First, this is a highly speculative answer, but it pretty much has to be, given the subject involves predicting the future. So consider this my best guess, but not at all authoritative.
You will start to run out of gasoline in just a few years. Once that's gone, you might be able to keep motorized things running for a few more years on biofuels and such, but then you will also start to run out of consumables like motor oil, because they also break down after a few years. Within at most a decade or two you will no longer have fossil fuel powered vehicles and tools. That's devastating. And once the people move out to the country to get away from the disease and danger of the city, the lack of motorization will make it very hard and expensive to bring scavenged goods from the city to the people.
Wind and solar power will start to fail after 20 years or so, and eventually the composites in fan blades and bearings in motors will fail, and solar cells will degrade. You might be able to find enough spares to keep some solar power going for few decades or maybe even 100-200 years, but not at industrial scales. You won't be driving solar cars or running solar powered factories.
Coal will make a big comeback. It's an easy fuel to use with low tech, it can power steam boilers and home heaters, and there's a very nearly unlimited supply available. You could be a coal scavenger for a long time.
So the biggest problem your society will face in the medium term will be energy. Energy is the lifeblood of a modern society, and enables our standard of living. If you go back to water wheels or manual labor, your standard of living will crash back to pre-industrial levels.
Most foods will be spoiled within a few years to a decade. Now you will have to grow your own. Without mechanized farm machinery, you won't be quite back to subsistence farming, because there will still be available fertilizers and knowledge of scientific farming practices, but it will be close. The standard of living of the people will plummet. There won't be enough people to maintain old infrastructure, or enough free time to invent better ways to do things. And if there are a lot of people, they will probably starve. The carrying capacity of North America is greatly dependent on mechanization, high energy farming, and the ability to transport food long distances from fertile regions to the cities. All of that will be lost.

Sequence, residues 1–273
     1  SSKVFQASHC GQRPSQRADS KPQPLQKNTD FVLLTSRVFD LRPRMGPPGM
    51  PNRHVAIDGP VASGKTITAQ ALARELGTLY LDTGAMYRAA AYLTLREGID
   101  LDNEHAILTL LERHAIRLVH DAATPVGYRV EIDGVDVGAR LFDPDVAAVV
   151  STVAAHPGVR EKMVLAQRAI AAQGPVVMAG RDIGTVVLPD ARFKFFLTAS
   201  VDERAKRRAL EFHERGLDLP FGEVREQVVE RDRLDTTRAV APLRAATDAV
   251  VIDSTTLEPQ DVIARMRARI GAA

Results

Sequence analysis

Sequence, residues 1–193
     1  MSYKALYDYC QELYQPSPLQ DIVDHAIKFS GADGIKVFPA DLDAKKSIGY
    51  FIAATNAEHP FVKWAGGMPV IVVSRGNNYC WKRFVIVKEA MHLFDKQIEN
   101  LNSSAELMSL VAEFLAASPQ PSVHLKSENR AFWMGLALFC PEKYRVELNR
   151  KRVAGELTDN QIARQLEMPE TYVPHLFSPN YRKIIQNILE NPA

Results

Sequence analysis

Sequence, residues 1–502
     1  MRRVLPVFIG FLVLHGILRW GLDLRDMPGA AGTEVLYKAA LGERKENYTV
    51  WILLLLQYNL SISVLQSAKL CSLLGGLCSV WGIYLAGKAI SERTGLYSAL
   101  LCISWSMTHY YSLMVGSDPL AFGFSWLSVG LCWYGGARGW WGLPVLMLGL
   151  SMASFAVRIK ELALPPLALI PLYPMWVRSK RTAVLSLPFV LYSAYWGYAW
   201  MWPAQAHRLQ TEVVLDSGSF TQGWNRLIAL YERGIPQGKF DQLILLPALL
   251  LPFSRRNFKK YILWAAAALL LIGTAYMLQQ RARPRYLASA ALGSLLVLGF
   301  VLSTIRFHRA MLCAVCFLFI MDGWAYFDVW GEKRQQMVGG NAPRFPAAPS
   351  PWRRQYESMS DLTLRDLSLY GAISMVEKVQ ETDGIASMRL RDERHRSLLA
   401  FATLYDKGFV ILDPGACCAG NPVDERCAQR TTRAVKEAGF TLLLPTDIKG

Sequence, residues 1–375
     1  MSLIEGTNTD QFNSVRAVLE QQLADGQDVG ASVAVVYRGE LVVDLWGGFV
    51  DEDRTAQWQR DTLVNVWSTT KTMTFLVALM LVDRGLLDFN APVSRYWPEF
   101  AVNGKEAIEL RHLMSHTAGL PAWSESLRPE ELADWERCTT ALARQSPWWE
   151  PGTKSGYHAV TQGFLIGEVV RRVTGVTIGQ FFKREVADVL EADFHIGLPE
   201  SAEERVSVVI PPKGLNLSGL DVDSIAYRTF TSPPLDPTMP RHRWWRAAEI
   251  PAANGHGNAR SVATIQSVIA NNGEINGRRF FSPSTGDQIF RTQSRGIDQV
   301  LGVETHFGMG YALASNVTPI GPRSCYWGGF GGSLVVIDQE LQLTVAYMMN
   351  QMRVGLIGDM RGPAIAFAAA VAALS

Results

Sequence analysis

In the longer term, bearings will corrode, electronics will fail, medicines will all be extinct, concentrated fertilizer will be used up or unusable, and you will be utterly unable to replace it. Within a couple of generations you will be back to a small subsistence farming population, too busy growing food and staying alive to maintain old infrastructure. Flora and fauna will take over cities, roads will break down and become impassable, and eventually you'll have a world of small groups of subsistence farmers living out on the land and the cities will be largely abandoned.
Once this state is achieved, a technological society would have to be rebuilt from scratch, and to do that will require hundreds of millions of people. So your future recovery back to today's standard of living will take as long as required to grow the population back to pre-apocalypse levels. Hundreds to thousands of years, depending on the birth and death rate.
None of this includes the very real possibility of conflict. Getting people to peacefully cooperate while their standard of living craters is not easy. One possible scenario is a return to hunting and gathering because farming communities become rich targets for attack.
Things like steel will be available for a long time, but without concentrated energy you won't be able to smelt it very well - at least in quantity. You will be able to re-melt it into swords and hand tools and such using ancient techniques, but you won't be building new metal buildings or anything like that.
Your eventual society will probably look a lot like what the first settlers in America had, although the remnants of society will give you a permanent collection of better hand tools, and you might be able to keep interior LED lighting going with small scavenged solar panels. You might also have better housing, and there will always be enough steel and old wood beams and such to enable it.
As for scavenging being economically feasible... What economy? You will be back to bartering immediately, and money will be worthless. Barter makes it harder, because you have to find the person who has exactly what you need, and you have to hope that he needs what you have. I would suspect that there will be scavengers going far into the future, but the impact of scavenging on the overall standard of living of the people will diminish rapidly over time as old stuff degrades and the people lose the free time needed to scavenge as they work most of their waking hours growing enough food to survive.